One of my favorite movies, one based on an equally wonderful play is Camelot, starring Richard Harris as King Arthur. It is the story of the Knights of the Round Table. It is the story of peace, joy, love, prosperity that once filled the land of England.
But is it also the story of how all this was destroyed by the unfaithfulness of Arthur's wife, Queen Guinevere, and of his best knight, Lancelot.
The climactic last scene of the story takes place on the eve of a mighty battle, a result of this betrayal. Arthur's forces line up against those of Lancelot in a conflict that has been forced upon the king.
As Arthur reluctantly prepares for the battle, he discovers a boy -- about thirteen years old. Arthur questions the boy, who tells the king that his name is Tom. And then he reveals why he is there. "I've come to fight for the Round Table. I intend to become a Knight of the Round Table."
The king, disillusioned about the shattered peace which his Round Table had symbolized, asks how Tom knows about it. "Was your father a knight? Was your mother saved by one? Was your village protected by knights?" Tom's reply was simple, yet profound. "Oh, no, my Lord," he says. "I only know of them-the stories people tell."
This gives the king pause for a moment, as he considers the wisdom he has just heard. And then he says to Tom, "From all the stories people tell, you wish to become a knight. Tell me what you think you know about the Round Table."
Tom replies with great excitement: "I know everything. Might for right. Right for right. Justice for all. A round table where all knights would sit in unity. Everything."
Then King Arthur, as his world is crumbling around him, realizes that he has just heard this mere boy speak the words of hope that he had lost sight of.
And, instantly, Arthur knows what to do. He forbids Tom from fighting in the coming battle and commands him rather to hide behind the lines until the battle is over. He knights him "Sir Tom" and commands him to return to England --alive -- and to grow up and grow old-and to remember the story of Camelot.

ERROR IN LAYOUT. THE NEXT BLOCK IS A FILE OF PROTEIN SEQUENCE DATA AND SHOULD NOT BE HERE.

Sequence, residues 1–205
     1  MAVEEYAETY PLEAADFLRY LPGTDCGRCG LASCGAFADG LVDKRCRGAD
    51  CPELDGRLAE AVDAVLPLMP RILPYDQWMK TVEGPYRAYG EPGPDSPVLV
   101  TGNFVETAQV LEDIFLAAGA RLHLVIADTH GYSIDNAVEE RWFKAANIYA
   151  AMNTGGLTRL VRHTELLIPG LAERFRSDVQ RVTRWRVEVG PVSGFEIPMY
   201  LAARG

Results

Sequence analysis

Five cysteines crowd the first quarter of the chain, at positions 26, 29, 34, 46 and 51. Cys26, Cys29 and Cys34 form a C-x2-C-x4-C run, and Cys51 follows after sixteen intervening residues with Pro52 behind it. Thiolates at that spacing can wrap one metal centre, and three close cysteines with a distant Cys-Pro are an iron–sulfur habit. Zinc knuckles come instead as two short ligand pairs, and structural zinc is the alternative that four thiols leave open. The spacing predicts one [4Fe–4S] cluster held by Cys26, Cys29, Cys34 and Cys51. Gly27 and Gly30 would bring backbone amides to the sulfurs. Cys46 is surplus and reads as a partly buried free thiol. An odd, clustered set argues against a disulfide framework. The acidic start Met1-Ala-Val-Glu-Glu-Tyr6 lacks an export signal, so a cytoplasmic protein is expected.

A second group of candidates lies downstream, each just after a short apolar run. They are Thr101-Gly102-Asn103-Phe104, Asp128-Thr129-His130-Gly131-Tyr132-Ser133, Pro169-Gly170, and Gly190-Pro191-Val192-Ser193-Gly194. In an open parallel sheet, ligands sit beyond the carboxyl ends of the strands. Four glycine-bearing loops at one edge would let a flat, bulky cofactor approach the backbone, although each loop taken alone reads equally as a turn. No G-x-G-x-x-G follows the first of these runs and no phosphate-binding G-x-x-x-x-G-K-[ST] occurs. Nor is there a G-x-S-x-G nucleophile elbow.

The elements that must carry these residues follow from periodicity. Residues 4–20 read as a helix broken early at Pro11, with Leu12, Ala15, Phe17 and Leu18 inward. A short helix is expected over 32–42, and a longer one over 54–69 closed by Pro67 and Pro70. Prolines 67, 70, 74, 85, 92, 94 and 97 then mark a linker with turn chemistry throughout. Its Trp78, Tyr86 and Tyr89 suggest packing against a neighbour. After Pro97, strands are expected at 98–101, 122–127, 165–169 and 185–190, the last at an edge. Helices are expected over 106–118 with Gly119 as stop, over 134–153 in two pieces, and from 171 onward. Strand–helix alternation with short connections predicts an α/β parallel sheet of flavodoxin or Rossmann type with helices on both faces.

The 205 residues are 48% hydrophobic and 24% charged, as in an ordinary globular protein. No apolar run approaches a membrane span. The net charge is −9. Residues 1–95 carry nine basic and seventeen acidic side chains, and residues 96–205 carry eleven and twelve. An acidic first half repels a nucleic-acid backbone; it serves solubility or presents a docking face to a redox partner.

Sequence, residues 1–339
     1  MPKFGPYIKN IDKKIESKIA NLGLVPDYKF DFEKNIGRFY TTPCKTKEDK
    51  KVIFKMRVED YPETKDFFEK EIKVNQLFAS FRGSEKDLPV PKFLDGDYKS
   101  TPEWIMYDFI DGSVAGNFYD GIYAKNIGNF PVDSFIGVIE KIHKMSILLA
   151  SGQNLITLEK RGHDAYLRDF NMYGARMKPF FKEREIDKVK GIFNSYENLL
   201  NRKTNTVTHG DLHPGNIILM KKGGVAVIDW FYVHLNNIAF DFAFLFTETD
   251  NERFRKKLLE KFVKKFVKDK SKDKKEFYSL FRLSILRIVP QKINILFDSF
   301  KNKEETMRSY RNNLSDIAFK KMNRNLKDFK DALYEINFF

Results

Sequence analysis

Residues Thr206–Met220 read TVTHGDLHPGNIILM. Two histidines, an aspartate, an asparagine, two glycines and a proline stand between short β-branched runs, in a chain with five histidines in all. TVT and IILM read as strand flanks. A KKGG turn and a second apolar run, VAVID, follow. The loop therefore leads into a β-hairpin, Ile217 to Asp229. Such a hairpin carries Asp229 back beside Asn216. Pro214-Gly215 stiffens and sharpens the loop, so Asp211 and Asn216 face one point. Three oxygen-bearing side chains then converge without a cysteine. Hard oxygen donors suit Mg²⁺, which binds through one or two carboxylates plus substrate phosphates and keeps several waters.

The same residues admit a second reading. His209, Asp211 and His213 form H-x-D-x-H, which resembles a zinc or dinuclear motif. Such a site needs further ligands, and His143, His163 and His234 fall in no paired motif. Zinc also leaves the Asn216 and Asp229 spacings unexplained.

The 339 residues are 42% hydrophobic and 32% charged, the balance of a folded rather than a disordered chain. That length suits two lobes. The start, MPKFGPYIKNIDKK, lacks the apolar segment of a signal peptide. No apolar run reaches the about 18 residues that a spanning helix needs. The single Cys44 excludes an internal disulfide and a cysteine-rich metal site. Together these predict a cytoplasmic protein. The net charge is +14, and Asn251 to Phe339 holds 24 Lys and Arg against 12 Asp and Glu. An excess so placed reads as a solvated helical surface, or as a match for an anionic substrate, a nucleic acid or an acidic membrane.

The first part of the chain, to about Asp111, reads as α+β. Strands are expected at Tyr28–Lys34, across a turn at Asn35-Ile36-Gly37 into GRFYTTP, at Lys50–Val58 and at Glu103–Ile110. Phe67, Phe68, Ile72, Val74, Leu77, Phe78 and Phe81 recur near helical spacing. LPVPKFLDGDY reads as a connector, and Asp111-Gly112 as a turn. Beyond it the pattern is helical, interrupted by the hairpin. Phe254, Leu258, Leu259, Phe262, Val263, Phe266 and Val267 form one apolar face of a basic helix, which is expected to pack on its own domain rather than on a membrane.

He says to Tom,
Each evening from December to December,
before you drift to sleep upon your cot,
think back upon all the tales you remember-of Camelot.
Ask every person if he's heard the story --
and tell it strong and clear if he has not --
that once there was a fleeting wisp of glory called Camelot.
Now, the King s aide reminds him to hurry for it is time for the battle. Arthur moves briefly toward his army, but then pauses. With triumph in his voice, he asserts, "I have won my battle, and here in this boy is my victory. What we did with the Round Table will be remembered. You will see."
Arthur sends Tom off on his mission to tell far and wide the story of Camelot.
This is a story for Advent. It is most interesting that the author of this play chose December to December for the period in which the boy should remember about Camelot.
We would say Advent to Advent, but it is in fact December to December. Our church year provides for us a way to remember the story of Jesus from beginning to end and from end to beginning again.
God's story with us is one that began in perfection-at a time in the Garden of Eden when all was peace and joy like Camelot in the successful days of Arthur's Round Table.
Like Camelot, paradise in Eden was lost through unfaithfulness. And like Eden and Camelot, this is the story for each of us, as it is played out in our lives over and over again.
God's love and grace is realized and accepted, only for us to turn our backs on God in unfaithfulness. And God forgives us and takes us back and gives us his love and grace all over again.
In a cycle that continues, our story is like the story of the movie Camelot, for we, like Arthur, know that the shattered vision is not the end of God's story with us.
No, the story does not end there. The Good News of Christ presents us with a vision of what the Kingdom of God really is, and, therefore, what the church is called to be.
Over and over again, we are called to tell the stories of the Kingdom of God-to remind ourselves of how the church is to look in the fullness of God's time and to share this story with those who do not know it. We are called to remember how God would have us act and how he would have us be.
The novel on which the movie Camelot is based is called The Once and Future King. Jesus, our lord, is also a once and future king. Indeed, part of the story we remember is that Christ has died, Christ is risen, Christ will come again.
In Advent, we recall the expectation and waiting and watching and longing for the first Coming of Christ into the midst of our humanity. We also recall, as we do in today's Gospel reading, the second coming of Christ.
In Advent we especially remember, and we anticipate, what God promises. Like Tom of Camelot, we know everything, because we have heard the stories about God. And, like Tom, it is our mission not only to remember, each December to December, but also to tell the stories far and wide -- reminding those who have heard them, and proclaiming them afresh to those who do not know the story of the Good News of Jesus Christ.
In the Camelot of God's Kingdom, we will know the stories of God's power and we will be transformed into God's likeness-the Christ.